If you feel like you can identify with this, and want to learn more about Hildegard, have a look at her portfolio and blog. She also was really kind and created the image above.



I also remembered that I recently entered a competition with Oxfam, for which I had to write a few words regarding women living in poverty, and figured this would go well with today’s post. Here’s what I said:

“Women represent 70% of the world's poor. They face gender discrimination, injustice, and violence that prevent them from covering their basic needs of food, healthcare, safe childbirth, education and employment. It’s humiliating and degrading. Overcoming these inequalities and ensuring that women worldwide can live a life of dignity requires that their situation is made public and shared with the world. (...)”

There was more that I wrote, but it doesn’t really fit in here. So, I’ll leave you to that, Hildegard’s thoughts, and your own thoughts for now - if you want to spread the word, or learn more about the International Day of the Girl check out the facebook page, tweet about it, or whatever you feel like is right. :)

6 comments:

  1. Helena and Hildegard! This is beautiful I cannot thank you enough. This year's day of girl was the bestest:)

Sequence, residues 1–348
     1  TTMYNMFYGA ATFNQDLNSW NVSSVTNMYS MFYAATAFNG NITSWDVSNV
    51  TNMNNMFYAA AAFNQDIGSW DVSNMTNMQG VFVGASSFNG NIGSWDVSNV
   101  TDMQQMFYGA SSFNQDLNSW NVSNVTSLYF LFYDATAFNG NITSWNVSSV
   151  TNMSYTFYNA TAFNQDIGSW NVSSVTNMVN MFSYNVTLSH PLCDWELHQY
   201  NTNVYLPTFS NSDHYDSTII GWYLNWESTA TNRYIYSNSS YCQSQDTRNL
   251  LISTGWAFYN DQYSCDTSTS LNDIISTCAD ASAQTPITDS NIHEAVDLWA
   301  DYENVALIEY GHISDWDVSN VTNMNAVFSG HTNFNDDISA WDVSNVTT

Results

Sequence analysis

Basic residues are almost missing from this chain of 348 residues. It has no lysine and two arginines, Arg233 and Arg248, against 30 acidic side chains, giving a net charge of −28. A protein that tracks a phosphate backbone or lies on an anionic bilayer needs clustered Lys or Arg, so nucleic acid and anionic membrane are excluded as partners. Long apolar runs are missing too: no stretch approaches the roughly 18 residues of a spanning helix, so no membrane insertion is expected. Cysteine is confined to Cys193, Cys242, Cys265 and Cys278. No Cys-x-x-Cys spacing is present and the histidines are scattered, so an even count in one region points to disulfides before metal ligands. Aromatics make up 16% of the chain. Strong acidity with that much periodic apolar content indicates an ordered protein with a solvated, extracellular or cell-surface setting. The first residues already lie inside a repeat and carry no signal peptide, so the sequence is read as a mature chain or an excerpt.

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  2. Wow, this is truly a refreshing post! It's so nice to see about world issues. I read all these stories about the young girls forced into marriage in countries, and in very sad cases dying because their bodies can't handle intercourse and/or pregnancy.

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    1. Thanks for stopping by, Stephanie! I do think it's really important we talk about these issues, and don't just ignore what's going on around us.

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  3. This is such an inspiring yet eye opening post. It's horrifying to think by accident of birth anyone could be in these girls' situation.

    I feel that feminism gets such a hard rep these days (think burning bras, hairy armpits, millitants like you say), yet so many women forget that there are girls/women out there who simply are crying out to have the same rights.

    Hmm maybe...

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    1. I totally agree! I often think about how unjust and weird it seems that just because you were born in a different part of this world you'd have less/different rights, live in worse conditions, and have to live in fear etc...
      And even over here there's so much to worry about - a girl actually got raped just around the corner from here the day that this was written. Scary. Always gives me such a weird feeling, kind of a mixture between anger, anxiety, worry, ...